Hitch is dying faster than the rest of us.

The man who wrote Letters to a Young Contrarian and God is Not Great (as well as countless essays which define modern iconoclasm and are partially responsible for my atheism and general displeasure with squishy American liberalism) is nearing the end.  When asked whether we’ll be seeing any death-bed conversions as he approaches the final croak, Christopher Hitchens warns us not to believe anything he, or anybody else, says:

As this notorious devil of reason and controversy starts chemotherapy, he rejects any notion of mercy from an omnipotent being.  It’s fascinating to watch such a well-spoken atheist experience the discomfort of mortality.  It’s even more inspiring to hear him stick to his guns.  There are no atheists in the trenches they say, but what about the hospital wards?  In this Vanity Fair piece he describes the experience as only he can.

I am badly oppressed by a gnawing sense of waste. I had real plans for my next decade and felt I’d worked hard enough to earn it. Will I really not live to see my children married? To watch the World Trade Center rise again? To read—if not indeed write—the obituaries of elderly villains like Henry Kissinger and Joseph Ratzinger? But I understand this sort of non-thinking for what it is: sentimentality and self-pity.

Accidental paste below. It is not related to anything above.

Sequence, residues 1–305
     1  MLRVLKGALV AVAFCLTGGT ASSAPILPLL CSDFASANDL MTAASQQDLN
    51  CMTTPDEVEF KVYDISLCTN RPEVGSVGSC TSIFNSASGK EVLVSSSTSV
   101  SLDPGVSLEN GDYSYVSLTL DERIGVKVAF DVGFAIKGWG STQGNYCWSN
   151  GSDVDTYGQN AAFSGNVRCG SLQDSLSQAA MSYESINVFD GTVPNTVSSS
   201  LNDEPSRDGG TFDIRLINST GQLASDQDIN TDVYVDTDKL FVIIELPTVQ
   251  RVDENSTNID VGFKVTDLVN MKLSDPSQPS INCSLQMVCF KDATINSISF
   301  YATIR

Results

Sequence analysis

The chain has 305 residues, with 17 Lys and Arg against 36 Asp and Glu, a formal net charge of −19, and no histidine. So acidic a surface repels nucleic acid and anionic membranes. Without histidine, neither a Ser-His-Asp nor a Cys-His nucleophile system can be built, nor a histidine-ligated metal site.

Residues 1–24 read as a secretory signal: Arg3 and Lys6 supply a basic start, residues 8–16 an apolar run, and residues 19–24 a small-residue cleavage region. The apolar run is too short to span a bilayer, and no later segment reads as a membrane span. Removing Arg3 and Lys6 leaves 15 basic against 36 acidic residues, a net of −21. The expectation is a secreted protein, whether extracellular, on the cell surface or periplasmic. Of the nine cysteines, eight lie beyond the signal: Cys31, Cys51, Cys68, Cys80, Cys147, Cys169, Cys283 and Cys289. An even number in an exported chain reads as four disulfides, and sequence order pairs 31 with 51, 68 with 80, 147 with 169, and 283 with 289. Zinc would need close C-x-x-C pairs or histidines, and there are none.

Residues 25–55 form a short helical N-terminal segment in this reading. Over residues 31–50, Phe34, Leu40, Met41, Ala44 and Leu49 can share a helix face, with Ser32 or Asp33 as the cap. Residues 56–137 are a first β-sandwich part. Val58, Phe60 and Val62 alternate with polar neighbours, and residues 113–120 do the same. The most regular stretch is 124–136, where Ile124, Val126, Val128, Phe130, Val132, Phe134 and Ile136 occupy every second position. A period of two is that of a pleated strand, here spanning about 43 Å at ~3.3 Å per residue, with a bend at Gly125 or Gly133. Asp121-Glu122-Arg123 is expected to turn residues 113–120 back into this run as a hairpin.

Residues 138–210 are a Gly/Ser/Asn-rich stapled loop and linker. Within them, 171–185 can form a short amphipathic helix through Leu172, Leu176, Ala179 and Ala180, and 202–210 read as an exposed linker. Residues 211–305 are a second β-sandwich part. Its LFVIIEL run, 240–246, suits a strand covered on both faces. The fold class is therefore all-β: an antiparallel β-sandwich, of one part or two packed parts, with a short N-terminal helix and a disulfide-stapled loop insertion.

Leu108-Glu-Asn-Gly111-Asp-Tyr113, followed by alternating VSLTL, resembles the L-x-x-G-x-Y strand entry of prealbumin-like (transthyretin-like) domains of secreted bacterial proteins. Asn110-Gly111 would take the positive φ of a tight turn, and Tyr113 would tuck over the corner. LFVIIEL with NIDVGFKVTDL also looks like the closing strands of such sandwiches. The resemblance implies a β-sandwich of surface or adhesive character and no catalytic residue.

And as usual he sums it up plainly:

To the dumb question “Why me?” the cosmos barely bothers to return the reply: Why not?

Is it courage to face death without relying on a divine escape route?  Is it brave to acknowledge that one cannot simply move onto another life with a ‘fuck you’, two beers in hand?  Not really.  It isn’t brave to be an atheist, even if it’s scary.  But I do feel gratitude for those who’ve written so masterfully about mankind’s need for compassion-sans-deus and for saying what is obviously true about religion and war.  I hope you enjoyed yourself, Hitch, and I hope you’re spared.

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